Go ahead and make this Traditional Thanksgiving Stuffing for the holidays. It’s an easy recipe that can be stuffed in your turkey or baked in a casserole dish as dressing. We love this simple recipe with no out of the ordinary additions.
I am so excited for the holidays, and they are just around the corner. Our Thanksgiving Stuffing always makes an appearance for Thanksgiving dinners. We find it to have a perfect amount of savory flavors from the spices, butter, celery, and onions.
Thanksgiving stuffing is a classic, just like my Sweet Potato Casserole, Green Bean Casserole, Cranberry Sauce, and The Best Mashed Potatoes. The holidays would not be complete with any of the traditional side dishes missing.
Do you stuff your turkey? Some years we do, some years we don’t. My grandmother always stuffed her birds. My husband’s mother never stuffed theirs. So, we waiver back and forth from year to year. Do we make Stuffing or dressing? That is always the debate at our house.
I am a fan of stuffing from the bird, but this recipe is technically a dressing because I did not stuff it in a bird. Call it stuffing if you stuff it, dressing if you make it in a casserole alongside. It’s your choice, and this recipe is great either way.
Most families have a favorite homemade stuffing recipe that they make. Many make theirs with Italian sausage or even oysters. Some add fruit as I have in the past with my Cranberry Apple Stuffing. Some make their dressing with turkey giblets, and some make it without them. My grandmother never used the giblets; my husband always does.
So, when we make this savory stuffing recipe during the holidays, we usually add about a cup of diced giblets for the added flavor. Additionally, we replace a little of the chicken broth with turkey drippings to add the additional turkey flavor.
Do you typically add cornbread to your stuffing? My grandmother didn’t, so that is what I like. My hubby loves his cornbread mixed in.. He’s a southern boy, so I guess the cornbread is most likely common in the south. I didn’t add it to this recipe because this is my favorite version, not his.
What type of bread is best for Thanksgiving Stuffing?
For this recipe, I use one 16 oz loaf of crusty French bread and one 16 oz loaf of softer French bread. You can make stuffing with just about any type, and even basic sandwich bread will work just as long as it is dried out. Stale or day-old is best. Be sure that it is firm enough to absorb all of the liquid that you add.
Can I make this dressing recipe without the egg?
Sure, you can. My husband never uses egg in his stuffing recipe. I like to add just one egg. The addition is not needed, but I find it helps bind the stuffing together a bit more.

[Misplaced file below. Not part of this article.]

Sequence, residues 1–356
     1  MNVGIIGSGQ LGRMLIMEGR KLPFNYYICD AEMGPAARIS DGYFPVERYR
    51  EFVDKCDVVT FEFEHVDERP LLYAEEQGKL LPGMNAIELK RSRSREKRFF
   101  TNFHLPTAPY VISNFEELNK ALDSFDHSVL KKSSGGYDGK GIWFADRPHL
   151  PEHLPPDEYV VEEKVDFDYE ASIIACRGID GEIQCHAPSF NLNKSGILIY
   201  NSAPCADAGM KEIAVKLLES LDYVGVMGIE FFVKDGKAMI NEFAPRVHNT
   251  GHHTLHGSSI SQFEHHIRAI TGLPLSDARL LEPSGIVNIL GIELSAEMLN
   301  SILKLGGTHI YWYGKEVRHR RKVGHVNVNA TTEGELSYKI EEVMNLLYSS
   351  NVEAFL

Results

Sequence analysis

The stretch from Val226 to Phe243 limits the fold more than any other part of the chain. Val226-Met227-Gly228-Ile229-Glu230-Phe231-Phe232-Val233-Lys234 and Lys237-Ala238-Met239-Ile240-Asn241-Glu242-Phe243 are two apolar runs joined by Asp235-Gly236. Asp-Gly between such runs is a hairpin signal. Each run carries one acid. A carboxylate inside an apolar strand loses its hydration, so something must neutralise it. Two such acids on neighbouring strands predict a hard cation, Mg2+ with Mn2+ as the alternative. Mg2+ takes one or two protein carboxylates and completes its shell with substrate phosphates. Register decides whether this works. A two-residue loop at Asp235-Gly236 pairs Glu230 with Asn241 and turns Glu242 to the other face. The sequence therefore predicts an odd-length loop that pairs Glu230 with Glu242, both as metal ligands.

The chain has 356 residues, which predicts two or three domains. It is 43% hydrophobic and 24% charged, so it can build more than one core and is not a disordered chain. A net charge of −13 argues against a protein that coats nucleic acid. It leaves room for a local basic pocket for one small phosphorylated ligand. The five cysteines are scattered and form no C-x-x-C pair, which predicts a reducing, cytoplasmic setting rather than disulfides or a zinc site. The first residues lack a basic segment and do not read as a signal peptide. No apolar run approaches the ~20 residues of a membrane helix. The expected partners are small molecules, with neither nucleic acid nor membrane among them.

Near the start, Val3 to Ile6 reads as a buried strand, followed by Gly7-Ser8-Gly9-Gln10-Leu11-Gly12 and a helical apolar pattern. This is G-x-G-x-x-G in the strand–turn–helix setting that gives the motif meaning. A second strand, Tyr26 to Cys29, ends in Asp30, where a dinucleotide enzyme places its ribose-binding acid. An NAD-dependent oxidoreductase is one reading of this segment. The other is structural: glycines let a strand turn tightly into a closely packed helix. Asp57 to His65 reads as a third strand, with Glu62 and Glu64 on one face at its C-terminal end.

Ingredients to Make Thanksgiving Stuffing
- Turkey or Chicken Broth
- Poultry Seasoning
How to Make Thanksgiving Stuffing
First, you will need to cut your day-old stale dry bread into cubes. Then, add them to a large bowl. After, set it aside.
Next, dice the onion and celery. I use three stalks of celery and half of a large onion.
Now add the diced vegetables, butter, salt, and pepper to a medium-sized skillet. Then, cook over medium heat for about 10 minutes. You will know your veggies are ready when the onions have become translucent.
After they finish cooking, remove from heat and allow to cool for about 10 minutes.
In a small bowl, beat one egg and set it aside.
After the onions and celery have cooled slightly, add it to the bread cubes and mix well until combined.
In a medium-sized bowl or measuring cup, whisk together the broth and poultry seasoning.
For the next step, pour the broth mixture over the bread mixture. Then, mix well. I often use my hands to work the liquid into the bread.
Add the egg and mix well again.
Finally, transfer the bread stuffing to a casserole dish and bake at 350 degrees for 35-40 minutes.
The benefits of cooking turkey stuffing in a casserole are the added crispness of the bread pieces. The bottom will be wetter than the top when baked outside of the turkey. Perfect if you ask me!
Traditional Thanksgiving Stuffing
- 2 16 oz loaves day old Bread
- 1 1/2 cup Butter
- 3 stalks Celery chopped
- 1/2 large Onion diced
- 2 1/2 tsp Salt
- 1 tsp Pepper
- 2 tbsp Poultry Seasoning
- 2 cups Chicken Broth
- 1 Egg
- Bread should be left open to dry out for a day.
- Cut day old bread into 1/2" cubes.
- If bread is still too soft, you can place on sheet pan and bake in 250 oven to further dry.
- Place bread in a very large bowl and set aside.
- Place butter, onion, celery, salt and pepper in medium skillet over medium heat.
- Saute the onion and celery until tender (about 10 minutes).
- Set aside to cool for about 10 minutes.
- Preheat oven to 350.
- Beat egg in a small bowl. Set aside.
- Pour the vegetable mixture over the bread and mix well.
- In a bowl or measuring cup, combine broth and poultry seasoning. Whisk to combine.
- Pour broth mixture over bread mixture and mix well.
- Pour egg over bread mixture and mix well.
- Transfer stuffing to 9x13" baking dish.
- Bake until golden brown (about 35-40 minutes).